Police have last week been carrying out activity in support of the national crackdown on the growing problem of drug dealing known as ‘county lines’.
County lines is a term used to describe the supply of illegal drugs, typically from a larger urban centre to smaller towns or rural areas, through the manipulation and exploitation of vulnerable people.
Gangs often recruit susceptible people to move both drugs and cash between areas, as well as bullying tactics to invade vulnerable people’s homes in which they harbour and deal their illicit wares (known as cuckooing).
The National Crime Agency (NCA) and National Police Chief’s Council (NPCC) have responded to this emerging threat by creating a National County Lines Coordination Centre to develop the national intelligence picture of the crime type. The centre is also working to prioritise activity against the most serious offenders and engaging with partners to tackle the wider issues.
To support this work, throughout last week, police executed a number of warrants in the Hinckley, Loughborough and Market Harborough areas, leading to 21 people being arrested, four of which have been charged. The warrants also resulted in a significant amount of class A and class B drugs being seized, more than £2500 in cash and a number of weapons, including a shotgun and a machete.
Four addresses, three in Hinckley and one in Market Harborough, were also identified as being used for cuckooing and these are now subject to closure orders. In addition, seven homes in the North West Leicestershire area have also recently been given closures orders as part of a joint police and council operation to tackle drug dealing activity.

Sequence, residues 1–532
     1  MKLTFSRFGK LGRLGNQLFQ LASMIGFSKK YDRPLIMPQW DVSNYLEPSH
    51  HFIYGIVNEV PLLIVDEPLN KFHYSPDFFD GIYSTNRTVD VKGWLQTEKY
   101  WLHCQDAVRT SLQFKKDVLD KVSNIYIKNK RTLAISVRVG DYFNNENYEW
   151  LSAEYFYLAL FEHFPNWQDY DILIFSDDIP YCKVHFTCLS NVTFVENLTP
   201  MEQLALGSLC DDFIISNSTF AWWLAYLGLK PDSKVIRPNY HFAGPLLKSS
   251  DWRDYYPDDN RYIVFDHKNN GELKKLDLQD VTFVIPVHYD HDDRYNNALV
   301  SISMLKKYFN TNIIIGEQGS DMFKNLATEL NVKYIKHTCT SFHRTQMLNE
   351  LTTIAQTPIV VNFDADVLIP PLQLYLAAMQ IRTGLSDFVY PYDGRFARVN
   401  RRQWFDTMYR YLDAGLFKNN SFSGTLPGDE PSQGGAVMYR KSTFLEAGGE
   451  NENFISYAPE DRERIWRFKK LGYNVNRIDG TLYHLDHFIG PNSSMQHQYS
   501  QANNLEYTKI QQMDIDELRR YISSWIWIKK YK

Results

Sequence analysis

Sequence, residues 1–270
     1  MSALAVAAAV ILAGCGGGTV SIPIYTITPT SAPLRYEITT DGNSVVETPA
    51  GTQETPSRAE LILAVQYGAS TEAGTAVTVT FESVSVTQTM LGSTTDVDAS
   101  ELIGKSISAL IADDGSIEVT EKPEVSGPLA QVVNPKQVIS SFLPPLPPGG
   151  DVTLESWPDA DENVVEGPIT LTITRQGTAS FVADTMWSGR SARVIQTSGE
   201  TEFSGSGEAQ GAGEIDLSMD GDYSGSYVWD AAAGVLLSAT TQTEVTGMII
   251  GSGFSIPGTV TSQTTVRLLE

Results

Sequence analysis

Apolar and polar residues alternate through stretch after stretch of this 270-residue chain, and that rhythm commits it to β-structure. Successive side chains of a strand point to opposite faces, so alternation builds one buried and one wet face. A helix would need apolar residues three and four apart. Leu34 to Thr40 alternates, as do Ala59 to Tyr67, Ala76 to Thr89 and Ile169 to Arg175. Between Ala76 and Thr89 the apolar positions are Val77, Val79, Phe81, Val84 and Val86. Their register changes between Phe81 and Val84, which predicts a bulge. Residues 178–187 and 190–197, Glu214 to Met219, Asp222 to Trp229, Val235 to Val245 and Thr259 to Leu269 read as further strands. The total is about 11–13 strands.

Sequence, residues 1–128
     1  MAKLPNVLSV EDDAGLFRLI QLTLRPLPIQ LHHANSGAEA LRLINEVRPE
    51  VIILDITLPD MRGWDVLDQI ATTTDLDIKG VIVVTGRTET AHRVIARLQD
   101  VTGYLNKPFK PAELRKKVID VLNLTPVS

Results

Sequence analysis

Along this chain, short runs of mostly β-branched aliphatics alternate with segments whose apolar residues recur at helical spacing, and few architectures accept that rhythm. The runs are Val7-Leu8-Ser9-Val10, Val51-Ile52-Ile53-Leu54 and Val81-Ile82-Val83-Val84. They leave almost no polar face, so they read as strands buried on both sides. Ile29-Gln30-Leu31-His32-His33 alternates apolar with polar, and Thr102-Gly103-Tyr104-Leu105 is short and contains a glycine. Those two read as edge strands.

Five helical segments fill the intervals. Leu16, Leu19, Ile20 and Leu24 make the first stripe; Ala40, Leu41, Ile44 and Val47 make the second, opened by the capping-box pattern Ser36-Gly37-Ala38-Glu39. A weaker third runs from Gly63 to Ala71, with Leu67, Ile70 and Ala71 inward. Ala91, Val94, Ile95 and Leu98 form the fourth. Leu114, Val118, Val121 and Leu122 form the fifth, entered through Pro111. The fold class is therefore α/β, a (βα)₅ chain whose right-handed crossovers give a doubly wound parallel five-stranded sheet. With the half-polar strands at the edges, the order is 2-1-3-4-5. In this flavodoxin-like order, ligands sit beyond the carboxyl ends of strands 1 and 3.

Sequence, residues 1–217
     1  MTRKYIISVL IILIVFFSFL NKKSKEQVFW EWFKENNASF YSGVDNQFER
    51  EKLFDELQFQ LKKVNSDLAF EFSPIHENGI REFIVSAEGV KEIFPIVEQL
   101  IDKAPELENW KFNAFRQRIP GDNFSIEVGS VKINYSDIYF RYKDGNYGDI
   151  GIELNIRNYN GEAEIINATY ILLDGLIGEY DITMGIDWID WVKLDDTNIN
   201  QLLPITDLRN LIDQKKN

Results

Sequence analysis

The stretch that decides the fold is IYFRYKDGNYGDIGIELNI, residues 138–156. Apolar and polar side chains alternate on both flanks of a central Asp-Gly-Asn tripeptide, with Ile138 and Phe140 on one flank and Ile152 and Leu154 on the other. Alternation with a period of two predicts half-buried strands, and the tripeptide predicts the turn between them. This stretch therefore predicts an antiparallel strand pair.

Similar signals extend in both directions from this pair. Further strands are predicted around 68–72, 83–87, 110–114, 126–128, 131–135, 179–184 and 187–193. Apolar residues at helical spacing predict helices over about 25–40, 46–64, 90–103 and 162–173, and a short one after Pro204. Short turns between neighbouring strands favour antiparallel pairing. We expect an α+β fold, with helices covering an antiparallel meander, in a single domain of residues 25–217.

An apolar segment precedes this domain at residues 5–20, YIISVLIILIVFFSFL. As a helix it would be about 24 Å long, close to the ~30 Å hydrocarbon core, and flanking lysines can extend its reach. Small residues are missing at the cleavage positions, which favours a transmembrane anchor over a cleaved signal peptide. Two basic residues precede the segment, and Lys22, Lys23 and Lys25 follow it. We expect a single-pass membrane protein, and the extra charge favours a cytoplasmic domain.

Detective Inspector Helena Bhakta said: “As a force, our immediate concern and focus is to protect those vulnerable people in our communities who are susceptible and easily led into this lifestyle as well as to disrupt offending. It is important we raise awareness and encourage communities to come forward and report this type of criminality to us.
“We are continuing to work closely with partners in social care, health, education, housing, immigration and probation to identify incidents with a view to safeguard those involved and encourage reporting of suspected county lines activity.
Superintendent Shane O’Neill, who is the force lead for Serious Harm Reduction, added: “This is not an issue which can be eradicated by the police alone and local communities can play a large part in identifying problem areas and those they think may be a risk.
“County lines activity is clearly organised crime that the force will continue to work in partnership to deal locally and inform the national picture around this crime.”
Do you know a young person who may be susceptible to being drawn into drug dealing? Have things changed?
Spot the signs:
• Have they started hanging around with a different crowd, skipping school and staying out late?
• Are they being secretive and withdrawn?
• Do they have unexplained injuries?
• Do they suddenly have more money and can afford expensive things like phones, watches and branded clothing?
Could a house or flat near you have been ‘taken over’ by a gang and being used to sell drugs? Have things changed?
Spot the signs:
• Has there been an increase in the number of coming and goings?
• Are there new vehicles turning up outside the property, as well as taxis or hire cars?
• Are there people living there who you haven’t seen before?
• Has there been an increase in anti-social behaviour in and around the property?
• Does the property appear sparse of valuable possessions?
• Is the building and garden being left in a state of disrepair?
Reporting suspicious activity can help to safeguard many vulnerable individuals who have been coerced into these networks so please report it on 101 or via Crimestoppers anonymously on 0800 555 111.
Source:: Leicestershire Police News